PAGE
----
Methods. One hundred thirty-six patients with brain AVMs were randomly selected. These patients had undergone a linear accelerator radiosurgical procedure at a single center between 1989 and 2000. Patients were divided into four groups according to an AVM score, which was calculated from the lesion volume, lesion location, and patient age (Group 1, AVM score < 1; Group 2, AVM score 1–1.49; Group 3, AVM score 1.5–2; and Group 4, AVM score > 2). Patients with a Spetzler—Martin Grade III AVM were divided into Grades IIIA (lesion > 3 cm) and IIIB (lesion < 3 cm). Sixty-two female (45.6%) and 74 male (54.4%) patients with a median age of 37.5 years (mean 37.5 years, range 5–77 years) were followed up for a median of 40 months. The median tumor margin dose was 15 Gy (mean 17.23 Gy, range 15–25 Gy). The proportions of excellent outcomes according to the AVM score were as follows: 91.7% for Group 1, 74.1% for Group 2, 60% for Group 3, and 33.3% for Group 4 (chi-square test, degrees of freedom (df) = 3, p < 0.001). Based on the modified Spetzler—Martin system, Grade I lesions had 88.9% excellent results; Grade II, 69.6%; Grade IIIB, 61.5%; and Grades IIIA and IV, 44.8% (chi-square test, df = 3, p = 0.047).

Conclusions. The radiosurgery-based AVM score can be used accurately to predict excellent results following a single radiosurgical treatment for AVM. The modified Spetzler—Martin system can also predict radiosurgical results for AVMs, thus making it possible to use this system while deciding between surgery and radiosurgery.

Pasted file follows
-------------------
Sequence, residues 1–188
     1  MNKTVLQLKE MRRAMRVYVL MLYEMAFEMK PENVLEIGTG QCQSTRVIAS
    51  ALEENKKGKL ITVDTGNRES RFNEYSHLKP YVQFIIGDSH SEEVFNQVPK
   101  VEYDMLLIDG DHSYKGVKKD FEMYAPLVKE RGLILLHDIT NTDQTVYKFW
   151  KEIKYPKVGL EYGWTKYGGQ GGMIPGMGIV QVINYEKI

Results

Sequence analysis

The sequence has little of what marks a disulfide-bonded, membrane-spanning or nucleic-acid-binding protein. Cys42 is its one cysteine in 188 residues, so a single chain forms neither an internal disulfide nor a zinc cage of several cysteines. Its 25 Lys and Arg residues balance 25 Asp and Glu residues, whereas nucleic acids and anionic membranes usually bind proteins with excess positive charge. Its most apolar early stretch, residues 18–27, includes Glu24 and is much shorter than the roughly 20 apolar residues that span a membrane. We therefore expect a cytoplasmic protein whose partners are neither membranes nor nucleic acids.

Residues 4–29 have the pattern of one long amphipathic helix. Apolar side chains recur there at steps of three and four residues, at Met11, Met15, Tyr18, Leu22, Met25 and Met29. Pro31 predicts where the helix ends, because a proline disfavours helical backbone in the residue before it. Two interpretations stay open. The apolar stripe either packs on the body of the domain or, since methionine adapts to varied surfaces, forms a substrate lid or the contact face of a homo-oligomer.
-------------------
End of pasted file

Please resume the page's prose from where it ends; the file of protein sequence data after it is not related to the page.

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Long-term outcomes of transsphenoidal surgery for management of growth hormone–secreting adenomas: single-center results

Mohammed J. Asha, Hirokazu Takami, Carlos Velasquez, Selfy Oswari, Joao Paulo Almeida, Gelareh Zadeh, and Fred Gentili

OBJECTIVE

Transsphenoidal surgery is advocated as the first-line management of growth hormone (GH)–secreting adenomas. Although disease control is defined by strict criteria for biochemical remission, the length of follow-up needed is not well defined in literature. In this report, the authors present their long-term remission rate and identify various predictive factors that might influence the clinical outcome.